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Entries in Texas Rangers (77)


A Little Bit of Luck

There is always a certain degree of luck involved with balls put in play.  This was perhaps most evident last night when Miguel Cabrera hit a ball off the third base bag in the sixth inning, scoring a run and kicking off a four run inning for the Detroit Tigers.  Had the ball missed the bag, it is likely fielded by Adrian Beltre for at least one out.  Instead, Cabrera's ball, not particularly well-hit, bounced over Beltre and into left field for a double, and the Tigers went on to win Game 5 against the Texas Rangers.

Interestingly enough, Cabrera hit .301 on ground balls this season, which ranks him in the top 15 percent of batters.  Of course, for someone like Cabrera it's tough to say whether this is due to his ability to hit the ball hard or just good fortune.  He's not particularly fast, and speedy players tend to have higher batting averages on ground balls due to their ability to get down the line faster.  However, Cabrera has consistently hit ground balls above the league average line over the past four years.  Between 2008-2010, he hit .283 on ground balls, which was about 40 points above league average.

One last interesting note: Prior to last night's sixth inning, Cabrera had hit nine ground balls this postseason, all outs.  Whether you believe he is particularly skillfull at hitting ground balls for hits or not, it's hard to deny that his 10th ground ball was almost purely a product of luck.  And as a result, the Tigers are still alive.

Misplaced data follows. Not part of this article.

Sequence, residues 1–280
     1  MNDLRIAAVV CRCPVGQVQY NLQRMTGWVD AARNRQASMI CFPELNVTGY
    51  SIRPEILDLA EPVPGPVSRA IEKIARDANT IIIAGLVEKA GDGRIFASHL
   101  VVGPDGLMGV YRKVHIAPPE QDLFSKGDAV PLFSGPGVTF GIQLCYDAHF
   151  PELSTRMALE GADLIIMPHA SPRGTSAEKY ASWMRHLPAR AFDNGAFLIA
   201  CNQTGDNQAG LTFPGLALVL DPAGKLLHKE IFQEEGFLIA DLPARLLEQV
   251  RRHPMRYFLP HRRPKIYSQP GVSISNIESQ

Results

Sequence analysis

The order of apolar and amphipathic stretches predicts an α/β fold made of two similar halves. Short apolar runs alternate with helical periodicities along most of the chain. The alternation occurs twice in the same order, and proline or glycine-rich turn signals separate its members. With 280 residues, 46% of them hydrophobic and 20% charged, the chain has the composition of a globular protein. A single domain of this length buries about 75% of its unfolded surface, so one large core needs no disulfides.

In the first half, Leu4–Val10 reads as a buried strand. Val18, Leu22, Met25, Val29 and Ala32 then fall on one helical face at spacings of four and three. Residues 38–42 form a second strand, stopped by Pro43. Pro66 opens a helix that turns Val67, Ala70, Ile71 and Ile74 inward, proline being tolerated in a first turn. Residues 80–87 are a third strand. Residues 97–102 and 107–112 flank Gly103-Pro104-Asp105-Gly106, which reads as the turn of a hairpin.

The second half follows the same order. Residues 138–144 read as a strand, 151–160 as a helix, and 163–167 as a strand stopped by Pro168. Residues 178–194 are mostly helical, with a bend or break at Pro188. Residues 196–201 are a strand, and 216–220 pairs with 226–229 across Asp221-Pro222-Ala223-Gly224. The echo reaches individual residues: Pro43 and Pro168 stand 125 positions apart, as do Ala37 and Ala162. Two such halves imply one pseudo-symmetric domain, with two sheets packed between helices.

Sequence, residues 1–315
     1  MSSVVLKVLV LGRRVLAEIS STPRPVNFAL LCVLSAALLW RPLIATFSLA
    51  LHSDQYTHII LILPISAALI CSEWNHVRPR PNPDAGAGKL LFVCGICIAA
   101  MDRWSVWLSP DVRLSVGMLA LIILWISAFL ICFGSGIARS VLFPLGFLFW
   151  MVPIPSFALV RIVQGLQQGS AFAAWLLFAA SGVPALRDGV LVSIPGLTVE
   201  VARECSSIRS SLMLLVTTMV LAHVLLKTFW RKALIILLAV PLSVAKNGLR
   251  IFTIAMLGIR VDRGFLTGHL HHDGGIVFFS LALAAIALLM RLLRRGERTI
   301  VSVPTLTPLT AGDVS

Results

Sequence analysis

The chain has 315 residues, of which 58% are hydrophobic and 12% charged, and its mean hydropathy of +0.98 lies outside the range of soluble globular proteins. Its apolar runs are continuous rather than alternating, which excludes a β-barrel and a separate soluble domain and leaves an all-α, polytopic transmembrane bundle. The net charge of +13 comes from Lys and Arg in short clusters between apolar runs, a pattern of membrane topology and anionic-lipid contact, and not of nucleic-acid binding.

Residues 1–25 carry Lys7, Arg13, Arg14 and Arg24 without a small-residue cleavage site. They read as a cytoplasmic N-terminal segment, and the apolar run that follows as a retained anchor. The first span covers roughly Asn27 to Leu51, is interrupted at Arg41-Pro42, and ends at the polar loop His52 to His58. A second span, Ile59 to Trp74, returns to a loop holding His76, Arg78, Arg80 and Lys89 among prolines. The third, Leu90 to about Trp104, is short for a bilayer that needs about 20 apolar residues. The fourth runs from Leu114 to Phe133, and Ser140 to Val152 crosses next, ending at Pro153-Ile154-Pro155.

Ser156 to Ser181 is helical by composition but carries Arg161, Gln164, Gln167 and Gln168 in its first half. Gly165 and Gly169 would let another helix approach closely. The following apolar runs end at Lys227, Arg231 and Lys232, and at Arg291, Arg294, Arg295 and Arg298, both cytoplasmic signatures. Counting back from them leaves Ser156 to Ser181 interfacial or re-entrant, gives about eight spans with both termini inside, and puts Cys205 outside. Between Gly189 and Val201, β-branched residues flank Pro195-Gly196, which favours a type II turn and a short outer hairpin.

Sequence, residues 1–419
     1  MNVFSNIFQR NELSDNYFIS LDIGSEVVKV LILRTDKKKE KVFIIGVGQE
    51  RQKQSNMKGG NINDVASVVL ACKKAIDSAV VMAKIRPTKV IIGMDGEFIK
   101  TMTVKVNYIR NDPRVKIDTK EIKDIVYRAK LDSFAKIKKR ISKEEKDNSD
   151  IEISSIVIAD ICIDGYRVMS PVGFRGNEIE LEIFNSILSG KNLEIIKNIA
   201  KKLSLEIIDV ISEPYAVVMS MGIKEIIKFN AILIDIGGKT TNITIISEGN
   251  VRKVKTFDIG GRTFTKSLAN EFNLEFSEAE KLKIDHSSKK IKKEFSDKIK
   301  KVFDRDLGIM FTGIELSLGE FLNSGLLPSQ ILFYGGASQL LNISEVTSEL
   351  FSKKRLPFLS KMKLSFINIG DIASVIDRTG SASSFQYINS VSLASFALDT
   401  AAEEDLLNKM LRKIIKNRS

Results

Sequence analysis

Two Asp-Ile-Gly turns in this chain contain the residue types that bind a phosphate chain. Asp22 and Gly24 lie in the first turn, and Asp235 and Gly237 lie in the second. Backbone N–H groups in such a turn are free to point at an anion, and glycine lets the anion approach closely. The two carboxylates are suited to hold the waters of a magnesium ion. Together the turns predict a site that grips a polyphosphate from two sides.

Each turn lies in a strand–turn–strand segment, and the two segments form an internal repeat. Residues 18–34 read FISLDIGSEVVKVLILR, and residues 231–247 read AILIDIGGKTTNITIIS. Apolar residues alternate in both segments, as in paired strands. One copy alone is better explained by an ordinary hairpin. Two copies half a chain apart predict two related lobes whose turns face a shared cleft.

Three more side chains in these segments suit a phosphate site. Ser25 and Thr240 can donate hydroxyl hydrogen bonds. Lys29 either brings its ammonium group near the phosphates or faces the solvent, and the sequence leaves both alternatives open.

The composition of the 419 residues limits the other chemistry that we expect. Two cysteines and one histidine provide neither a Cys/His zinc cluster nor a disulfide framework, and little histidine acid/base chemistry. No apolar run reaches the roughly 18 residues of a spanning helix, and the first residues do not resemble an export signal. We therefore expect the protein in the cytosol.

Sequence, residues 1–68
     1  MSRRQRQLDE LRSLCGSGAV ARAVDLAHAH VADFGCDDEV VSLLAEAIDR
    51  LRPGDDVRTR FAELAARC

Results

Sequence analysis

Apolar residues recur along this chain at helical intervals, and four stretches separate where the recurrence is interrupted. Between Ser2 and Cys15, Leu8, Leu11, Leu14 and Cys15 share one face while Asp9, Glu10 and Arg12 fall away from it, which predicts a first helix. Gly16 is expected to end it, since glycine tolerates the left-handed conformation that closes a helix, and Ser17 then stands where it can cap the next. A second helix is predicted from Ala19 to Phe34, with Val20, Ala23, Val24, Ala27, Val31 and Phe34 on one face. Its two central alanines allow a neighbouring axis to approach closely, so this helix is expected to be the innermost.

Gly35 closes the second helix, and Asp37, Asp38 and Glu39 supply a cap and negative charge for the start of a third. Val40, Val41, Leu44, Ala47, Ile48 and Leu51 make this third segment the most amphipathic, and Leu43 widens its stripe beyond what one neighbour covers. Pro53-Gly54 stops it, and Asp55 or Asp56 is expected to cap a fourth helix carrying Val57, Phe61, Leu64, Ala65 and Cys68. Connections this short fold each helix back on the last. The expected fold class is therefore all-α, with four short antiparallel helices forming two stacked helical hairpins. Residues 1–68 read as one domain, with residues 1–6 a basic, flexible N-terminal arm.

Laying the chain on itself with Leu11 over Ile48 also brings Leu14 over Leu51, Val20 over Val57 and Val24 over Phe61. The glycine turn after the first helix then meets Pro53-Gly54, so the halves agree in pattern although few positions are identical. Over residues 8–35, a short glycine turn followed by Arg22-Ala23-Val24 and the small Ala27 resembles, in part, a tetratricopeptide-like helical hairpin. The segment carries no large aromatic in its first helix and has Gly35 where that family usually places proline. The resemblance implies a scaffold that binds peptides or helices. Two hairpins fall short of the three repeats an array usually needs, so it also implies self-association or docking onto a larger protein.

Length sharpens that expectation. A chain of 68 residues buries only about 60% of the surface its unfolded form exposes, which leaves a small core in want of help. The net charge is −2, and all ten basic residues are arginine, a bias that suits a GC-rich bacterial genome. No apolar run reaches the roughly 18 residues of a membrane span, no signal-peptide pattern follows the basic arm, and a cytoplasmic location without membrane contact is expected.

Wilson Missing High, Getting Hammered

During the regular season, Texas Rangers starter C.J. Wilson served up just 16 home runs in 223.1 innings pitched. During the playoffs, however, the lefty with the blue glove has been left black and blue by the long ball. Wilson has surrendered six homers in 15.2 innings, including three in last night's 7-5 loss to the Detroit Tigers. While Wilson rarely left the ball up in the zone during the regular season, he's missing high in the playoffs and paying for it.

 Take a look at Wilson's pitch location during the regular season. He mostly threw around hitters' knees:

Wilson's pitch location during the 2011 regular season

Wilson located 45 percent of his pitches down in the zone, and just 23 percent high in the zone. Now, look at his location during the 2011 playoffs:

Wilson's pitch location during the 2011 playoffsWilson has thrown 38 percent of his pitches low in the zone during the postseason, and 29 percent of them high. Those high pitches are the ones that batters have launched into orbit. Check out the pitch location of Wilson's playoff home runs:

Pitch location of Wilson's HRs surrendered in playoffs

Wilson is at his best when he's hammering hitters at the knees. In his two seasons as a starter, Wilson has a .244 slugging percentage on low pitches (far below the .328 league average over that time frame) and a .426 slugging percentage on high pitches (.401 league average). If he gets another start this postseason, he'll need to re-discover the low approach that has made him a top-notch starter and a soon-to-be mega-millionaire.


Cruzin' for a Brusin'

Nelson Cruz of the Texas Rangers hit two home runs and a double Monday night, tying the game with his first home run and winning it in extra-innings with the first walk-off grand slam in playoff history.*

Cruz's power envelops the top and inside halves of the plate.


Nelson Cruz, in play slugging percentage, 2011 regular season.It makes sense then that pitchers try to work him low and away:

Nelson Cruz, pitch frequency, 2011 regular season.The Tigers did not seem to get the memo, as they worked Nelson inside:

Nelson Cruz, pitch frequency, 2011 ALCS game two.Three of those pitches ended up in his wheel house.

Nelson Cruz, in play slugging percentage, 2011 ALCS game two.Note that working him well inside was a good idea, as the only out he recorded was on an inside pitch off the plate.  Whether the pitches he crushed were meant to be more inside or more away, Tigers hurlers missed badly three times, and Nelson made them pay.


*Robin Ventura hit a walk-off grand slam in the playoffs, but due to a base running blunder, it only counted as a single.